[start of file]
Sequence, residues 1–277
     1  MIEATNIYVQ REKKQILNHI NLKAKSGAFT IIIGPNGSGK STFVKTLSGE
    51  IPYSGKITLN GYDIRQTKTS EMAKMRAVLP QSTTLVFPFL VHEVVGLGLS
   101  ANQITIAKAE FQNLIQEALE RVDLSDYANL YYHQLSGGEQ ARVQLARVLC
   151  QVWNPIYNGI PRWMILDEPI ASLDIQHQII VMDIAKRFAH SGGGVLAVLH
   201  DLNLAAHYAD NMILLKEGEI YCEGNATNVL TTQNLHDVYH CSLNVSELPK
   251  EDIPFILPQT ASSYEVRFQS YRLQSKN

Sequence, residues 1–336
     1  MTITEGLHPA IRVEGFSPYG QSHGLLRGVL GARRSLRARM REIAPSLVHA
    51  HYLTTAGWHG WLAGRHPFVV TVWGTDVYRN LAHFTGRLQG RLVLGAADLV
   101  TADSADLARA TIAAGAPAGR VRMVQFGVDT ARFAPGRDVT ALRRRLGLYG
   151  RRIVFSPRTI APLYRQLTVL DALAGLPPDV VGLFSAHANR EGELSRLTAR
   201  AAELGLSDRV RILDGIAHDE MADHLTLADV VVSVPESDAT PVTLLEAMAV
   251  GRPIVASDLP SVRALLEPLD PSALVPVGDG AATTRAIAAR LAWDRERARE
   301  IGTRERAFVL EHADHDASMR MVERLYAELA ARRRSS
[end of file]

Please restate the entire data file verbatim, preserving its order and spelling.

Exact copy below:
Sequence, residues 1–277
     1  MIEATNIYVQ REKKQILNHI NLKAKSGAFT IIIGPNGSGK STFVKTLSGE
    51  IPYSGKITLN GYDIRQTKTS EMAKMRAVLP QSTTLVFPFL VHEVVGLGLS
   101  ANQITIAKAE FQNLIQEALE RVDLSDYANL YYHQLSGGEQ ARVQLARVLC
   151  QVWNPIYNGI PRWMILDEPI ASLDIQHQII VMDIAKRFAH SGGGVLAVLH
   201  DLNLAAHYAD NMILLKEGEI YCEGNATNVL TTQNLHDVYH CSLNVSELPK
   251  EDIPFILPQT ASSYEVRFQS YRLQSKN

Sequence, residues 1–336
     1  MTITEGLHPA IRVEGFSPYG QSHGLLRGVL GARRSLRARM REIAPSLVHA
    51  HYLTTAGWHG WLAGRHPFVV TVWGTDVYRN LAHFTGRLQG RLVLGAADLV
   101  TADSADLARA TIAAGAPAGR VRMVQFGVDT ARFAPGRDVT ALRRRLGLYG
   151  RRIVFSPRTI APLYRQLTVL DALAGLPPDV VGLFSAHANR EGELSRLTAR
   201  AAELGLSDRV RILDGIAHDE MADHLTLADV VVSVPESDAT PVTLLEAMAV
   251  GRPIVASDLP SVRALLEPLD PSALVPVGDG AATTRAIAAR LAWDRERARE
   301  IGTRERAFVL EHADHDASMR MVERLYAELA ARRRSS